More often than not, AMG translates to 'OMG, we love it!' Sadly, not this time. The SLC 43 is okay and it can even be quite fun at times; it is a quick, rear-wheel-drive drop-top, after all. But in a class that includes the 718 Boxster, ‘okay’ isn’t anywhere near good enough.

The final nail in its coffin is cost. Yes, it is plenty cheaper than the old SLK 55, but it’s still £4600 more expensive than a standard manual-equipped 718 Boxster and barely any quicker. No matter how you try to square it, that’s hard to justify.

So it turns out the problem here isn't that a downsized engine has changed the SLC too much. It's that by morphing from SLK to SLC, it hasn't changed enough. 

Mercedes-AMG SLC 43

Location Hampshire; On sale Now; Price £46,360; Engine V6, 2969cc, twin-turbo, petrol; Power 362bhp at 5500-6000rpm; Torque 384lb ft at 2000-4200rpm; Gearbox 9-spd automatic; Kerb weight 1595kg; 0-62mph 4.7sec; Top speed 155mph; Economy 36.2mpg (combined); CO2/tax band 178g/km, 32%

Join the debate

Comments
7

17 June 2016
An slk is an slk not an slc and the m class is now a what , something like gle .probably will take time to get used to it.feels very clumsy.

17 June 2016
"it’s still £4600 more expensive than a standard manual-equipped 718 Boxster"
Forget about the base price of a Boxter, you won't find a single unit for sale in that spec, and besides it's so spartan no self-respecting buyer would leave it like that. Once you add something, these options are silly expensive; equip it like the SLC and I'm pretty sure that the Merc will be cheaper. Then there's the fact that it's a 2.0 four vs a 3.0 V6.

One thing bothers me about the AMG, though: why did they get such a low output out of the twin-turbo 3.0 when their four pot (in the A class and its derivatives) already has the same power? I would have hoped at least a nice even 400bhp would have been easy and upped the standing of this car. C'mon, AMG, you can do better than that.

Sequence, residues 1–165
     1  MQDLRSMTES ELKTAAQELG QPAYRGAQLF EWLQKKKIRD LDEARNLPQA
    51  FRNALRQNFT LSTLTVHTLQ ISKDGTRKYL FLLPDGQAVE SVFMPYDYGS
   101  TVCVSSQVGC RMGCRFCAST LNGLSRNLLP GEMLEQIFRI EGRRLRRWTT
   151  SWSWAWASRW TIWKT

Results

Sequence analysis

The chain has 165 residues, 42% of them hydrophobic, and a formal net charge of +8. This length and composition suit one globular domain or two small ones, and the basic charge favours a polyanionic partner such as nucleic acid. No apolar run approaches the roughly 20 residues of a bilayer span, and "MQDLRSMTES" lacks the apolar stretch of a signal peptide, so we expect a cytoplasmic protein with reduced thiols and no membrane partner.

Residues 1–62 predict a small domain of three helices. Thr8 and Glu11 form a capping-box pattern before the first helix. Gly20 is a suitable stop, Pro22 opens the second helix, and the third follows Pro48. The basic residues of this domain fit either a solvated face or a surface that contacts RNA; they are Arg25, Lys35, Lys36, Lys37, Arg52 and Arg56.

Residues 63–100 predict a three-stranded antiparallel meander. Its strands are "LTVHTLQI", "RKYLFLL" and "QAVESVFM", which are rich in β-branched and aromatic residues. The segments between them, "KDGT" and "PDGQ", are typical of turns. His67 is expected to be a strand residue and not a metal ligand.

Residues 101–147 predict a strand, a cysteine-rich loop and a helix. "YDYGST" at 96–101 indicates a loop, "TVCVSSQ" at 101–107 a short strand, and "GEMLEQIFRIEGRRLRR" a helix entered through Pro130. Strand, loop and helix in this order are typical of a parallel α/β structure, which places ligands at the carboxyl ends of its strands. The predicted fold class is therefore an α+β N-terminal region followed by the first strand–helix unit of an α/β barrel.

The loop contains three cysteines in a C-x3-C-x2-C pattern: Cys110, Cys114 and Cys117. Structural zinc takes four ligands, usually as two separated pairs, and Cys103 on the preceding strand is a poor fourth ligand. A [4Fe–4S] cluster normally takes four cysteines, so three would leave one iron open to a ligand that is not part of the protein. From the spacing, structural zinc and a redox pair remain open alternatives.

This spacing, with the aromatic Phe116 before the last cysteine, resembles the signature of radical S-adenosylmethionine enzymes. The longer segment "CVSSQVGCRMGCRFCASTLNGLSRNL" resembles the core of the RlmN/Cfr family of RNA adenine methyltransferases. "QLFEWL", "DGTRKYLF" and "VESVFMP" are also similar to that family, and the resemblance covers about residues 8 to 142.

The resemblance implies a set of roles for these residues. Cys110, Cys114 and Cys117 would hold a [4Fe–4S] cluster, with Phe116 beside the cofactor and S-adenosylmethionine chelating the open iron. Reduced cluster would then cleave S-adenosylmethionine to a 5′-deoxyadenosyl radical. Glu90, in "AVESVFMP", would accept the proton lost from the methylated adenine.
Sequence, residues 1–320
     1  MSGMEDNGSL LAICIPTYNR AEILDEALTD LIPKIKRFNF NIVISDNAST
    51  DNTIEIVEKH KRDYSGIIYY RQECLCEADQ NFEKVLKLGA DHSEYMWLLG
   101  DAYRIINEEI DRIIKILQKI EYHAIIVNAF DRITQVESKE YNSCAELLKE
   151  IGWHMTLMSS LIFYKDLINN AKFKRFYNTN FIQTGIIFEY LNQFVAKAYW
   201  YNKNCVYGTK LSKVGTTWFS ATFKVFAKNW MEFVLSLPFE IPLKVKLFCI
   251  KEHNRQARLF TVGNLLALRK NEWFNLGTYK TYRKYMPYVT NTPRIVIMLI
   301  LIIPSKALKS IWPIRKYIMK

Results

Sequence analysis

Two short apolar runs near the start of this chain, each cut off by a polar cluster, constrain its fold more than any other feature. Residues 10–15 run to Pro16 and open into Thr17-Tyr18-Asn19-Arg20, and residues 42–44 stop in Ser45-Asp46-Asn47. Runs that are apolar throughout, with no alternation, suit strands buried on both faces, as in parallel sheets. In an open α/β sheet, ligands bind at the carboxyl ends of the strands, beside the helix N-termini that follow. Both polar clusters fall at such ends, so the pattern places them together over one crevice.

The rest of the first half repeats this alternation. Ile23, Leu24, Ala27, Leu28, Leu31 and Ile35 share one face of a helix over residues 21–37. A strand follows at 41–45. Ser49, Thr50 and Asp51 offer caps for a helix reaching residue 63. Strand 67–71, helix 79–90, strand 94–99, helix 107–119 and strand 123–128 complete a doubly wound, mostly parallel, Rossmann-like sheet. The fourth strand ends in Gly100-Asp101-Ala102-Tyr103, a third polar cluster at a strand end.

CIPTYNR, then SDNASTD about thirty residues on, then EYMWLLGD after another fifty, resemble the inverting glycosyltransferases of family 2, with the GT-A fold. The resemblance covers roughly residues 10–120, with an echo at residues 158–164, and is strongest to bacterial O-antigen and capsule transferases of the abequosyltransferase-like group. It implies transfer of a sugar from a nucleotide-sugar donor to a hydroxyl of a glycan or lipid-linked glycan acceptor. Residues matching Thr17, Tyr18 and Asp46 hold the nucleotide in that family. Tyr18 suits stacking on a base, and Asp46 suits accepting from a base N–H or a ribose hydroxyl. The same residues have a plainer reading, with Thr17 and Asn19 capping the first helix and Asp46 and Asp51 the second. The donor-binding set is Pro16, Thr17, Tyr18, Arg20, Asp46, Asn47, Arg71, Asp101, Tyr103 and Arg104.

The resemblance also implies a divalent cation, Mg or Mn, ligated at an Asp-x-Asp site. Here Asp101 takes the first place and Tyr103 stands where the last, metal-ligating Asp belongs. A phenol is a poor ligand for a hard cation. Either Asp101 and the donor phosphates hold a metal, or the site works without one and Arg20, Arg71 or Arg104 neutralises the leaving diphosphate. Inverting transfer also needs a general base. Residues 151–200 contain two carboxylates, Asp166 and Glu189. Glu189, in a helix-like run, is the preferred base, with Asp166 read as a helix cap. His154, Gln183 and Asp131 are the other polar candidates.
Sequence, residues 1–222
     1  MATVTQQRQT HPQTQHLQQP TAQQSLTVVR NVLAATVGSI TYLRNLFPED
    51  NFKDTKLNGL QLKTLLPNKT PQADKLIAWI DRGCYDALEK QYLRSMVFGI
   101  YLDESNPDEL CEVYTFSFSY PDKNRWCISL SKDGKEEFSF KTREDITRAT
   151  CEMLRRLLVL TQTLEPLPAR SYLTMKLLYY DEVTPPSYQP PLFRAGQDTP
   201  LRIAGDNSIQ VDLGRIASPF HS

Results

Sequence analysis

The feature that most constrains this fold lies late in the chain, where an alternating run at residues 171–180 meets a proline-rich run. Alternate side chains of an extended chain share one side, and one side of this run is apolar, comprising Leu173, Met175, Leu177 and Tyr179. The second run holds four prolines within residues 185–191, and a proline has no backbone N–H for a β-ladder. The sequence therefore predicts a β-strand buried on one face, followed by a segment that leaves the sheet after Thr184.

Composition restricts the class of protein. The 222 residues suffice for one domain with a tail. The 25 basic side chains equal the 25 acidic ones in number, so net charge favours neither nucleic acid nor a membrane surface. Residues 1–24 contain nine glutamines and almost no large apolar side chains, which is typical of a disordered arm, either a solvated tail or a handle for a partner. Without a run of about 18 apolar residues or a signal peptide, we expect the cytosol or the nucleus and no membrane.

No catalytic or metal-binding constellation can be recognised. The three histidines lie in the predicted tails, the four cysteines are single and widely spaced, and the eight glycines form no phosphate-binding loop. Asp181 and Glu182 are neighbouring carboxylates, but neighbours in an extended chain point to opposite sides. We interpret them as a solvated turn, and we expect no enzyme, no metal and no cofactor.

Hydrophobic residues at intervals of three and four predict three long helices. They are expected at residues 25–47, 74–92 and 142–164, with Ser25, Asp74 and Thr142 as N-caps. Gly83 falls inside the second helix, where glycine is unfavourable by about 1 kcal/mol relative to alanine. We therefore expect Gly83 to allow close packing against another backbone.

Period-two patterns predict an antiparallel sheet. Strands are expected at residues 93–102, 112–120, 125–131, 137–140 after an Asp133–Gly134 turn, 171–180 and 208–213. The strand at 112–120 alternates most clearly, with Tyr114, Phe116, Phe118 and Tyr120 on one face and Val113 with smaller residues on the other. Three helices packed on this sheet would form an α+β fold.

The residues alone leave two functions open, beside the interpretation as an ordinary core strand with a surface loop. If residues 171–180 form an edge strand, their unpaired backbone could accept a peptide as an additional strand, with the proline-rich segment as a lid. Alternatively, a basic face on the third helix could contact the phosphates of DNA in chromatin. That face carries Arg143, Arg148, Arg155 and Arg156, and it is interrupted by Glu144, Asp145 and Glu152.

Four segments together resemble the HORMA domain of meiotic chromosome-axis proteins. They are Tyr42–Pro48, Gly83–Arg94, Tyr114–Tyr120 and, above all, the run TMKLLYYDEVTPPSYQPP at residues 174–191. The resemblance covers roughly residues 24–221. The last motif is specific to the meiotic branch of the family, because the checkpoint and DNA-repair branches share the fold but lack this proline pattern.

18 June 2016
Ektor wrote:

One thing bothers me about the AMG, though: why did they get such a low output out of the twin-turbo 3.0 when their four pot (in the A class and its derivatives) already has the same power? I would have hoped at least a nice even 400bhp would have been easy and upped the standing of this car. C'mon, AMG, you can do better than that.

I'm pretty certain that decision was made at Porche headquarters, not representing that Porche couldn't make that engine lot more powerful. This being a marketing decision, not engineering one. About maintaining a distance to the 911. Not to have the Boxter rob to many sales from the 911.

17 June 2016
Having just driven our company's SLK 250CDI(!) for the first time in ages, you are spot on about the squeaks from the roof giving away the lack of rigidity in the body shell. Never used to hear that in my Boxster!

17 June 2016
This is not the fu11 fat AmG it should be. The AMG 43 ls a Model in its own right but this ls a lame effort. Give us a real AMG and give lt the 4.0 V8. O and move those exterior mirrors. They dont even badge the gearlever out of guilt. Come on give us be比er. its cheaper because its not an AMG.

17 June 2016
And the build and roof up rigidity is immense. Certainly no 'little squeaks' I have never owned such a comfortable, clever and rewarding to own car.

19 June 2016
quote
"The problem here isn’t the settings, though: it’s the foundations. The SLC is a comparatively old car now – and it feels it. You don’t need some fancy machine to work out that it’s less rigid than a Boxster. The shimmy through the steering wheel and the little squeaks from the roof tell you all you need to know. Because of this shortfall in rigidity, no amount of AMG's fettling can deliver the degree of handling precision that you’ll get from the Boxster. " unquote. Nuff said and at about 50k why bother

what's life without imagination